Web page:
West Shore Mayors Celebrate ‘Power of More’

Sheffield Mayor John Hunter, Avon Mayor Bryan Jensen, Avon Lake Mayor Greg Zilka and Sheffield Lake Mayor Dennis Bring.

Sheffield Mayor John Hunter, Avon Mayor Bryan Jensen, Avon Lake Mayor Greg Zilka and Sheffield Lake Mayor Dennis Bring.

Community spirit took center stage as the mayors of Avon, Avon Lake, Sheffield and Sheffield Lake gave their annual States of the City addresses during a Chamber of Commerce-sponsored luncheon Wednesday, March 16, at Tom’s Country Place.

West Shore Chamber Executive Director John Sobolewski welcomed guests. He remarked on the success of teamwork as the West Shore, North Coast, North Olmsted, Fairview Park, Olmsted and North Ridgeville chambers teamed for this Power of More event.

“I couldn’t be prouder of what Avon stands for,” said Avon Mayor Bryan Jensen as he asked staff members in attendance to be recognized. It is teamwork and community spirit, he said, that work together in making Avon the success it is today.

Mayor Jensen introduced Nakon Foundation’s Matt Nakon, Ed McNamara of Prayers from Maria and the regionally renowned Sunflower Field along Chester Road and I-90, and Avon firefighter John Gansor, an American Cancer Society ‘Living Angel’ award winner for his work in fighting breast cancer. “We are successful because of our partners in the community,” he said.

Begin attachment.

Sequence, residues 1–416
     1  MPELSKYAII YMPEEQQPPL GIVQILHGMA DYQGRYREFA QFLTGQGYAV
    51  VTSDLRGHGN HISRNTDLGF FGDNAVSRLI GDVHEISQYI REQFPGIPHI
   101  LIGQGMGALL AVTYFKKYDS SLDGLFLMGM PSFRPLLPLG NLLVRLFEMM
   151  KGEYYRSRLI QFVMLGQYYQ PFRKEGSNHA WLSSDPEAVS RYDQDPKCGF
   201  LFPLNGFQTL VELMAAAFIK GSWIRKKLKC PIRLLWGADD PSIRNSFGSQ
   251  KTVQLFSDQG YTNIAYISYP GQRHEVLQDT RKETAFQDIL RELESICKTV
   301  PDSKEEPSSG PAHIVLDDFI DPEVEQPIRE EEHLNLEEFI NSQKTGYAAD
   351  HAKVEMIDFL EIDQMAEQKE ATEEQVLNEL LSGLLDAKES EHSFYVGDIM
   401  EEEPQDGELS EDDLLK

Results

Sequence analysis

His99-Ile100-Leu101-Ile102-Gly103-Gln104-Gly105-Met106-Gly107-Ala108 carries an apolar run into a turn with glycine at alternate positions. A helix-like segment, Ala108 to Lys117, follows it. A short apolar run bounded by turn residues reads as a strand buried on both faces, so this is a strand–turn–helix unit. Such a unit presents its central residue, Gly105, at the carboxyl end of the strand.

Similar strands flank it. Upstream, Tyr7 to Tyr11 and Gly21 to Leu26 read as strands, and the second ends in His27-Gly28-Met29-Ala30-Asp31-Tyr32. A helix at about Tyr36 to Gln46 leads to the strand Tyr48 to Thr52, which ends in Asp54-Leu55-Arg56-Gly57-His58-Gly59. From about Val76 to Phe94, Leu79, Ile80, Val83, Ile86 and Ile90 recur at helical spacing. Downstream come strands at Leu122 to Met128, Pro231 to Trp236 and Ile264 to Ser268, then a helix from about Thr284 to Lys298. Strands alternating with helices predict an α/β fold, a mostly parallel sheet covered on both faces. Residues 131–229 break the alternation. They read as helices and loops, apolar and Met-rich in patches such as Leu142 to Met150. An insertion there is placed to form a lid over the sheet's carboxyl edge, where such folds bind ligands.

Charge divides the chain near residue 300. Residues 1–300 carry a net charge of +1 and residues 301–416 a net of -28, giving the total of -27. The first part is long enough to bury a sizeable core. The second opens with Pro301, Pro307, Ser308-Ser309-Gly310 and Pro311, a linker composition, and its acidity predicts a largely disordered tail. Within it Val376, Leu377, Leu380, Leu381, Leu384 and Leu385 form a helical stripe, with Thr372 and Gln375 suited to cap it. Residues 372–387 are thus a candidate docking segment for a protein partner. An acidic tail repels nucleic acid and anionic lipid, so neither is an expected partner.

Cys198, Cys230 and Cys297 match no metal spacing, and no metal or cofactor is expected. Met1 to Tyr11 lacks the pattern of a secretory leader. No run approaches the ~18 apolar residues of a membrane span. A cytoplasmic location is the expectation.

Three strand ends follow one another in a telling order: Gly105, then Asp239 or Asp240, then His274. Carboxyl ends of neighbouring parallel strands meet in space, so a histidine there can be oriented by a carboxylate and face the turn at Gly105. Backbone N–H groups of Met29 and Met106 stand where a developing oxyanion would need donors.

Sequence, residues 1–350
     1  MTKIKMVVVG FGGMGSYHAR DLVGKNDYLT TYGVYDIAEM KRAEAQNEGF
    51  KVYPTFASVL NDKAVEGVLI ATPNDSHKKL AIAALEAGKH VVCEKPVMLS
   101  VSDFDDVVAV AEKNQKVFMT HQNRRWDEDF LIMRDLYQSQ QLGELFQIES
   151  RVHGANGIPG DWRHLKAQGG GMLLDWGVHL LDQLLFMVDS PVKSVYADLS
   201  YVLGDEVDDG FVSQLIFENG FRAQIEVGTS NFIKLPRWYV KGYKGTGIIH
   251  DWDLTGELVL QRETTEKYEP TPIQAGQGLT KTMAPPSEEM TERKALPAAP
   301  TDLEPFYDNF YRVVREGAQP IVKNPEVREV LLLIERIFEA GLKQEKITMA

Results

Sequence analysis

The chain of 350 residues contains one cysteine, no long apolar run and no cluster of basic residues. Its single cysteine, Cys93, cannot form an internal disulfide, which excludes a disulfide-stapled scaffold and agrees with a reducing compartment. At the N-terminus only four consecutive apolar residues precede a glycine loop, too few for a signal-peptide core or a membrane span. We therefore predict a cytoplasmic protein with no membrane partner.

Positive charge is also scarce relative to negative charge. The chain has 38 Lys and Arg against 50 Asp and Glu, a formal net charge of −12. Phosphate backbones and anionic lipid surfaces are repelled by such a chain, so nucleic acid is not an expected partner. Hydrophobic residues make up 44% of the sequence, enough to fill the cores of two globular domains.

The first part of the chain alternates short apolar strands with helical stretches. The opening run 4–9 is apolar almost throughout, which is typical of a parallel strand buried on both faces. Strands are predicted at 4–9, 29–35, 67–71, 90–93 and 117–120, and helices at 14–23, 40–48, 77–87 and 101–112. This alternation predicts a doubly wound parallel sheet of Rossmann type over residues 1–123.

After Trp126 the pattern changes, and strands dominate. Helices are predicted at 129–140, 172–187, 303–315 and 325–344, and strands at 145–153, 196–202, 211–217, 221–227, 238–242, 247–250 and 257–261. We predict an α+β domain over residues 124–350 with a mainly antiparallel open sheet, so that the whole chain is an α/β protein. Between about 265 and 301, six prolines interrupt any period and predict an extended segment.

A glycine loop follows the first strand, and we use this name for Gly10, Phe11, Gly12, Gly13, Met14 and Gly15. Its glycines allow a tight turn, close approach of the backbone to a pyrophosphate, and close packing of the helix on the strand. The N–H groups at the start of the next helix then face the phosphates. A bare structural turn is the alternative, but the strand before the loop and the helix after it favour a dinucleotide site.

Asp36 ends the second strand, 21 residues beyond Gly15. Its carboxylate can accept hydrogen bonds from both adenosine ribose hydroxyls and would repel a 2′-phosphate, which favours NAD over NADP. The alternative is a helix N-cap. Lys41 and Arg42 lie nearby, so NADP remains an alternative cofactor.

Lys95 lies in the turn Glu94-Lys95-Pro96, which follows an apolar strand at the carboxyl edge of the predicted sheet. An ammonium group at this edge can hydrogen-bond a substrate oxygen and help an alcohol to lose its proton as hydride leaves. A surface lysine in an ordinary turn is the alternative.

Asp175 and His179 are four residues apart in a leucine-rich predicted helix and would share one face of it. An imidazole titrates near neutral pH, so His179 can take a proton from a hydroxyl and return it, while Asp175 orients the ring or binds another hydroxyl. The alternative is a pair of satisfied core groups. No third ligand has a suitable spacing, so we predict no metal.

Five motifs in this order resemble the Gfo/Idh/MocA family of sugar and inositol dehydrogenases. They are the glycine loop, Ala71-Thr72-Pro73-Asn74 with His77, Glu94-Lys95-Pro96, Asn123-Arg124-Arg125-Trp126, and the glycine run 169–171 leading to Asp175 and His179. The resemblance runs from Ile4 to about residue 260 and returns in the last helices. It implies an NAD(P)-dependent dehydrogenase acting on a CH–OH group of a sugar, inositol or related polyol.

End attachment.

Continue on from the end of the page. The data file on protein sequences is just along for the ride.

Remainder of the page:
Cleveland Clinic Avon Hospital’s Dr. Rebecca Starck, Avon Mayor Bryan Jensen, UH Elyria Medical Center President Charlotte Wray

Cleveland Clinic Avon Hospital’s Dr. Rebecca Starck, Avon Mayor Bryan Jensen, UH Elyria Medical Center President Charlotte Wray

Mayors Zilka, Hunter and Bring good-naturedly referenced Avon’s growth on several occasions, but it was Sheffield Lake Mayor Dennis Bring who captured the spirit of community best of all.

“We are a small community with little room for growth,” he said. “What stands out, however, was last summer’s search for Sidney (Heidrick, the four year old who went missing and was later discovered deceased near his grandparent’s home).

“I saw people who searched for him all day, women who came out of the woods scratched and bleeding, turned around and went right back in to look for him,” said Mayor Bring.

He said more than 3000 volunteers came out to help with the search last summer.

“You never know what kind of city that you have until something like that happens, and I truly appreciate it,” he said. “That is the kind of community we live in.”

The Power of More, personified.

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